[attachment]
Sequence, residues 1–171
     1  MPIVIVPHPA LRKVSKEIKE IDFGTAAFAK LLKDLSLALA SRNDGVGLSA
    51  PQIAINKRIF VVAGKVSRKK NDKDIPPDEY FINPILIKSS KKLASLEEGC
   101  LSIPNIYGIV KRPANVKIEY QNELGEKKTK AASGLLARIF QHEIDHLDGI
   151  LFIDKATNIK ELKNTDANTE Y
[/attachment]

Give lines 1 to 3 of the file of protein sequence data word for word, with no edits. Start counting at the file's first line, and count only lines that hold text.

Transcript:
Sequence, residues 1–171
     1  MPIVIVPHPA LRKVSKEIKE IDFGTAAFAK LLKDLSLALA SRNDGVGLSA
    51  PQIAINKRIF VVAGKVSRKK NDKDIPPDEY FINPILIKSS KKLASLEEGC